Actually, that's not what U.S. Magistrate Judge Terry Moorer found when the issue of a Riley subpoena first was raised back in June. Here is how we described Moorer's ruling at the time:
Moorer quashed a subpoena from gambling magnate Milton McGregor, seeking to have Riley and three other current or former state officials called as witnesses. Moorer's finding, however, was "without prejudice," meaning the issue can be raised again later in the trial. And Moorer indicates that McGregor might indeed have a strong case for seeking testimony from Riley and the other state officials at some point in the proceedings.
Riley is practicing his usual not-so-subtle form of deception. And he really is concerned about the dignity of the governor's office? Perhaps someone should tell Riley that he isn't governor anymore. Someone also might want to remind Riley that, as a U.S. Congressman, he voted for the impeachment of Bill Clinton. That probably means that Riley was OK with Paula Jones' lawsuit against Clinton moving forward--while Clinton was in office!
So Riley is concerned about the dignity of governorships, but he's perfectly fine with a president facing a lawsuit while in office? Riley seems to have a never-ending capacity for acting as if Alabamians are complete simpletons.
And get this from Riley lawyer Matthew Lembke, of the august Birmingham firm Bradley Arant:
Lembke said this ruling goes beyond this case and has relevance to future governors "and the extent to which they can be called to testify about any issues related to their service as governor."
"You could have future governors spending all their time in court if there aren't strict limits on when a former governor can be called."
Was Lembke similarly concerned when another former governor, Democrat Don Siegelman, was forced to spend years of his life and much of his personal wealth defending himself against charges related to a standard campaign contribution that clearly was not criminal? I don't seem to recall Lembke weighing in on that issue.
|Wallace Capel Jr.|
There's no question that Capel ruled correctly under the law, and that's a rarity for a federal judge in Alabama. Here's how we described the legal issues in a previous post, showing how Moorer botched the original ruling:
Moorer cited United States v. Nixon, 418 U.S. 683, 698, 94 S.Ct. 3090, 41 L.Ed.2d 1039 (1974) in finding that McGregor did not have sufficiently specific grounds for compelling Riley's testimony. But Moorer conveniently ignored the finding in Nixon about a criminal defendant's rights under the Sixth Amendment of the U.S. Constitution. From the Nixon opinion:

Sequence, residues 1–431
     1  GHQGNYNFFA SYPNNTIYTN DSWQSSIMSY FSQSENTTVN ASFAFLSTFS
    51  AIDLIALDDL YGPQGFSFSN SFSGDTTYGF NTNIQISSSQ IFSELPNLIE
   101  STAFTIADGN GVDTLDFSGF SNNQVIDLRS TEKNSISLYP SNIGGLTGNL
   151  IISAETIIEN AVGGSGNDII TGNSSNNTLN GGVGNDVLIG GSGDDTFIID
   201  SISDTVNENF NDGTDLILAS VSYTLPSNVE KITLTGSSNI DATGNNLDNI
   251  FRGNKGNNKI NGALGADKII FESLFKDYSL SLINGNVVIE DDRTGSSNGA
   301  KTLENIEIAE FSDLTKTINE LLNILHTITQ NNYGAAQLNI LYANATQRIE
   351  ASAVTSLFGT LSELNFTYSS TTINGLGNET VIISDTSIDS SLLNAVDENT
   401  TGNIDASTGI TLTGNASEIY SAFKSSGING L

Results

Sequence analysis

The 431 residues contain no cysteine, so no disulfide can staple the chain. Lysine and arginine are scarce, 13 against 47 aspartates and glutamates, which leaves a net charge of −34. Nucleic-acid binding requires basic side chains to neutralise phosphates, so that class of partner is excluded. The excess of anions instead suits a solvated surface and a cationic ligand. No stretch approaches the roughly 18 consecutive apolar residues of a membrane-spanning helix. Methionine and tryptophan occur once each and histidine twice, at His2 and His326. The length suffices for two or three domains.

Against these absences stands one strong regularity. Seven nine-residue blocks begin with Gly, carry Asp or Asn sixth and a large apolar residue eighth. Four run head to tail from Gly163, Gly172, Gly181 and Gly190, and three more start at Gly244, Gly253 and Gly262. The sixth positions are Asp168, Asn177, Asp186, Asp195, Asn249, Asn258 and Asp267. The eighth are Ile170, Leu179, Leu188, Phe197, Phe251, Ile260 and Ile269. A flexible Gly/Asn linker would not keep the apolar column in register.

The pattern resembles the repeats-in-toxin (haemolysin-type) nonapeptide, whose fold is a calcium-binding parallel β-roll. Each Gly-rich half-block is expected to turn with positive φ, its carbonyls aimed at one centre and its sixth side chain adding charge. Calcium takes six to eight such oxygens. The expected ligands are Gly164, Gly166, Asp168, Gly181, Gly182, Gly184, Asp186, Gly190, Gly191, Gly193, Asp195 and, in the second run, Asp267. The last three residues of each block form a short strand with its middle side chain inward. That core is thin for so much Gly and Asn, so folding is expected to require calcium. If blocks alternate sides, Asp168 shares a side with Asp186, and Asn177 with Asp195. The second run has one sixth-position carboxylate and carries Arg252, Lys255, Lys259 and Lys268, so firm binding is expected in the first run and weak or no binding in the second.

The right to the production of all evidence at a criminal trial has constitutional dimensions. The Sixth Amendment explicitly confers upon every defendant in a criminal trial the right to be confronted with the witnesses against him and to have compulsory process for obtaining witnesses in his favor. Moreover, the Fifth Amendment also guarantees that no person shall be deprived of liberty without due process of law. It is the manifest duty of the courts to vindicate those guarantees, and to accomplish that it is essential that all relevant and admissible evidence be produced.
That's basic U.S. Constitutional law. Milton McGregor and the other bingo defendants have a right to confront relevant witnesses. Bob Riley, who led the campaign against a bingo-related bill that McGregor supported, could not be more relevant.
Will he actually take the stand? I wouldn't be surprised if the government drops its case rather than let Riley testify. It's also possible that Riley will take the stand and simply lie his posterior off. People lie under oath all the time in court cases--and 99 percent of them get away with it--so why should Riley be any different? The feds have shown they will go after baseball stars like Barry Bonds and Roger Clemens on perjury charges. But go after a devout Bushie like Bob Riley? I doubt it.
It's possible that McGregor's lawyers--Joe Espy and Bobby Segall--are too shrewd to let Riley get away with lying. It's also possible that they've done their homework--one source tells me they conducted depositions of Mississippi Choctaw officials--and will be able to back Riley into a corner.
That thought must terrify Riley, and those whose secrets he could reveal. One political observer, whose opinion I value greatly, said Riley's physical well being might be in danger if it looks like he will testify truthfully. This observer reminds us that one GOP insider, Mike Connell in Ohio, had a mysterious plane crash when he was facing possible court testimony.
How will it unfold in Alabama? The nation should be watching.